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Image 2 of The Cats' Pause, "December 12, 1987"

Part of The Cats' Pause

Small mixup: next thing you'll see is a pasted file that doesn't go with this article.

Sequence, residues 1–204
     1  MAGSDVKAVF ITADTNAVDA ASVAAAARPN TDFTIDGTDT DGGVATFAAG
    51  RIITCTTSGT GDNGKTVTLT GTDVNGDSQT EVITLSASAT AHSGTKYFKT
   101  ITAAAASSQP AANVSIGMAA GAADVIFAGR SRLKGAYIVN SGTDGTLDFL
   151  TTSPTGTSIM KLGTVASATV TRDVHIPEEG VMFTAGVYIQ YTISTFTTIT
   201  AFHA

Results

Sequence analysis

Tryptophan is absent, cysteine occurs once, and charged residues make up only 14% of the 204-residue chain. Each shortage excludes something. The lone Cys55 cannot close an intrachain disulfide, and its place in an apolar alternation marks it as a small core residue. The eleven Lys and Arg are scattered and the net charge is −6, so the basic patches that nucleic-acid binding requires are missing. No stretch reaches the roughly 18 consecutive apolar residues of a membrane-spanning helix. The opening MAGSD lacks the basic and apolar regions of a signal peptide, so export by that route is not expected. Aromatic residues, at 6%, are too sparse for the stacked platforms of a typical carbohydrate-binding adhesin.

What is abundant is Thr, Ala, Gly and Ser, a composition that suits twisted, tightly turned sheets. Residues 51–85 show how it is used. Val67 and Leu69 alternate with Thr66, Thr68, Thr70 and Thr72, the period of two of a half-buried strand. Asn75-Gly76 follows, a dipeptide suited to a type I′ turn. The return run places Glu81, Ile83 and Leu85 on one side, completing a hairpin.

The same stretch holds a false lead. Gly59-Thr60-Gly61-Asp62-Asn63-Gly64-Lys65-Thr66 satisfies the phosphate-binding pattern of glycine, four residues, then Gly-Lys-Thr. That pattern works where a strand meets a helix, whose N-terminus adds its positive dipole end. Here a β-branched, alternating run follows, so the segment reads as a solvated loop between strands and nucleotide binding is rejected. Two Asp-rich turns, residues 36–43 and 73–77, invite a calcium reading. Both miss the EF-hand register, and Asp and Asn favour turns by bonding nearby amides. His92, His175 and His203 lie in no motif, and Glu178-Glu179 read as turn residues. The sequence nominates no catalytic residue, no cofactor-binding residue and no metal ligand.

97ie (late' &au&& PUBLICATION NO. USPS 707340 Published By WILDCAT NEWS COMPANY P.O.Box 7297 Lexington. Kentucky 40522 Second Class Postage paid at Lexington, Kentucky 4051! and additional mailing offices Editor and Publisher OSCAR L. COMBS Associate Editor NICK NICHOLAS Associate Editor MIKE ESTEP Composition Coordinator W1NFRED JENNINGS National Recruiting Columnist BOB GIBBONS Columnist LARRY VAUGHT State Columnist BOB WATKINS Columnist RUSSELL RICE National Basketball Columnist LARRY DONALD Columnist TODD HALLUM SEC Columnist STAN TORGERSON SEC Columnist ELMORE ••SCOOP" HUDGINS Kentucky Basketball Recruiting RICK BOLUS Contributing Columnist JAMIE VAUGHT Columnist DAN BRANDENBURG Business Manager DONNA COMBS Staff Photographer GARY CROMWELL Staff Photographer CLARENCE MILLER JR. Circulation Coordinator WANDA HOOKER Crossword Puzzle Editor DAN KRUECKEBERG Published Weekly: Sepl. 13-April II Monthly: May, June. July, August Advertising Representative WILDCAT NEWS COMPANY 2627 REGENCY ROAD LEXINGTON. KENTUCKY 40503 Subscription Price $25.00 per year in USA $35.00 per year in Canada Phone:(606)278-3474 Postmaster: Send Address Changes to THE CATS' PAUSE. P.O. BOX 7297, LEXINGTON. KENTUCKY 40522 Eddie Sutton's Toughest Task May Be Convincing Kemp He's A Forward By Jim Kasberg INDIANAPOLIS — Beneath a searing Indiana summer sun, the Brownsburg High School gym appeared from a distance to be wavering in ripples of heat on the heartland horizon. Inside the molten mirage, several hundred spectators, all of them consumed by humidity, bravely sat and cheered with forced enthusiasm as Indiana's top high school seniors competed in the annual AAU state basketball tournament. Shawn Kemp, playing for the Indianapolis Municipal Gardens entry, soared through the steam and snatched a one-handed, bear-claw rebound. Returning to earth, so to speak, Kemp promptly waved off his Municipal mates and unveiled a 6-11lA; Bob Cousy impersonation as a pair of pint-sized opponents attempted to impede his progress. Wild-eyed, Kemp proceeded upcourt against the pressure defense, dribbling behind his back twice and throwing headfakes with every other bounce of the ball. After successfully crossing the mid-court line, Kemp suddenly stopped and negotiated a flurry of machine-gun dribbles between his legs in direct defiance of his would-be defenders. Had enough? Too bad, Shawn is just warming up. Retaining his dribble in the same sequence, Kemp then roamed to the brink of the three-point arc, where he had already canned his first three tries, and faked once or twice as if to launch another bomb. Seeking redemption, the same defensive duo converged on him. Kemp eluded the first man with a cat-quick crossover dribble and then charged full speed towards the hoop like an angry bull. UK Recruit Sean Kemp In Kemp, {Eddie) Sutton inherits as awesome an Indiana prep talent as has yet been seen. Yes, that includes such names as Oscar Robertson, George McGinnis and Larry Bird. Kemp in fact plays with the passion of a seven-foot McGinnis. . .Perhaps Sutton's greatest challenge lies in convincing the 'Marvelous Minuleman' that McGinnis was not in reality a point guard. With his legs spread across the entire lane, Kemp sailed to the basket and slammed home a violent dunk while the remaining defender disappeared from the play on the seat of his pants. The shrill sound of multiple whistles soon filled the dense air, followed quickly by the official edict: "No basket! No basket! Personal foul—charging! Technical foul-hanging on the rim!" Kemp ignored these pontifical renderings and continued his Reggie Jackson-like trot around the court, seeking "high-fives" with the fervency of a Bishop waving a collection basket. Among those to receive Kemp's moist palms was teammate Patrick Knight, the 6-5 son of Indiana University coach Bob Knight. As their hands met, one could almost feel the thud of a three-iron removing earth from some far-away Bloomington fairway. Remarkably, the sun actually dimmed a short time later, and there are those who firmly believe that it was a thick layer of divot dust, not a wayward thunder cloud, which briefly veiled the sun from Brownsburg that day. While Kemp eventually signed a national letter-of-intent to attend the University of Kentucky, many Hoosier partisans had been somewhat confused by Indiana's long-term courtship of the flashy Concord High School star. Besides his on-court antics, Kemp was whispered to be a major question mark in the classroom and, consequently, a possible Proposition 48 casualty. Indeed, his style seemed better suited for UNLV than for IU. And in the minds of those who reason beneath crimson-colored seed company caps, there was just no way that the "General" would ever fool with the "Vegas-type," by God. Ironically, Indiana finished in an apparent second-place tie with the Runnin' Radicals in the race for Kemp's collegiate services. The result could well prove to be a tremendous boon for Kemp as well as Kentucky. Eddie Sutton's structured system should provide more sedation for Kemp's spastic offensive game than would the racehorse style employed by Jerry Tarkanian in Nevada. And to paraphrase those seed company guys: The idea of matching Knight, the disciplinarian, with Kemp, the free-wheeler, is a rather [Continued On Page 5] Mills Has Idea Of Following : MnnrHpf. Robertson To NBA By Mitch Chortkoff LOS ANGELES — One of the most publicized recruits in the country last season was Sean Higgins, a 6-8 forward from L.A.'s Fairfax High. First he signed with UCLA, then he was released from the letter and chose Michigan. The struggle for Higgins was proper. A lean, agile athlete, he could shoot outside with the best of them, drive relentlessly and rebound. And yet, Higgins wasn't even the most valuable player on his own prep team. That's because steady Chris Mills did a little better. As a junior, the 6-7 Mills was named California's Player of the Year. This season, Mills returns to lead Fairfax's annual challenge to L. A. powerhouse Crenshaw. With Higgins around, Mills averaged 25.2 points, 12.0 rebounds and 2.0 assists. Without his partner, how will he do? "He'll always do well because he's a team player and plays the whole game," says coach Harvey Kitani. "He's always taken the opponent's best post player. On offense, he does everything within the team concept." Mills signed a letter-of-intent with Kentucky in November. The rumor was that he as all locked up for Nevada-Las Vegas, but that didn't turn out to be the case. "We looked at Eddie Sutton's record at turning out NBA guards," said Claude Mills, Chris' father. "We looked at Sidney Moncrief and Alvin Robertson. We think Chris will be a guard in pro ball, so that was important." Mills is a rarity, who would seem capable of being a good forward or guard in college. ¦ • Although his size and strong inside play ip- UK Recruit Chris Mills Mills is a rarity, who would seem capable of being a good forward or guard in college. Although his size and strong inside play would indicate he's likely to play forward, his outside shooting in summer leagues indicates otherwise. Very much like (Michigan recruit Sean) Higgins, he has guard skills one wouldn't expect of a strong inside player. dicate he's likely to play forward, his outside shooting in summer leagues indicates otherwise. Very much like Higgins, he has guard skills one wouldn't expect of a strong inside player. Fairfax went 26-1 last season. It was upset by Mater Dei in the state playoffs when LeRon Ellis put on a one-man show. Ironically, Ellis and Mills will be teammates at Kentucky. Shawn Kemp, 6-11V2, of Elkhart, Ind., will be there, too. He and Mills became pals when they played on the same summer league team. With talented 6-6 guard-forward Eric Manuel playing for Kentucky this season as a freshman, a front line of Manuel-Kemp-Ellis shapes up for the next few years. That tells us how serious Mills is about playing guard. If he joins 6-4 Rex Chapman in the Wildcats' backcourt, his plan will be a success. If a ballhandling guard is required and Chapman stays at the off-guard, Mills would be at worst the key reserve. Either way he'll fulfill his goal of playing for a strong college team and getting necessary competi-¦ don to.-improve.his. game. .. "We want Chris to play against the best," said Claude. Mills will also get strong competition in his senior prep season. Fairfax probably won't be rated No. 1 in the state, as it was much of last season. But it will be strong again and will play in one of the nation's strongest prep areas. "I've been watching L.A. city basketball for more than 20 years," says Pepperdine coach Jim Harrick, "and I've never seen it so good." Crenshaw is favored. It has several college prospects, including 6-7 Cornelius Holden, who signed early with Louisville, 6-7 Doug Meekins and 6-4 John Staggers. Fremont has 6-5 Darren Dafney, who signed with UCLA. Manual Arts has several college prospects, including 6-2 guard Wayne Williams who signed with Cal. St.-Fullerton. With some of those players away at summer camps, Cleveland High won the L.A. Summer Games basketball competition, an annual barometer of upcoming play. Cleveland was led by guard Michael Gray, [Continued On Page 5] .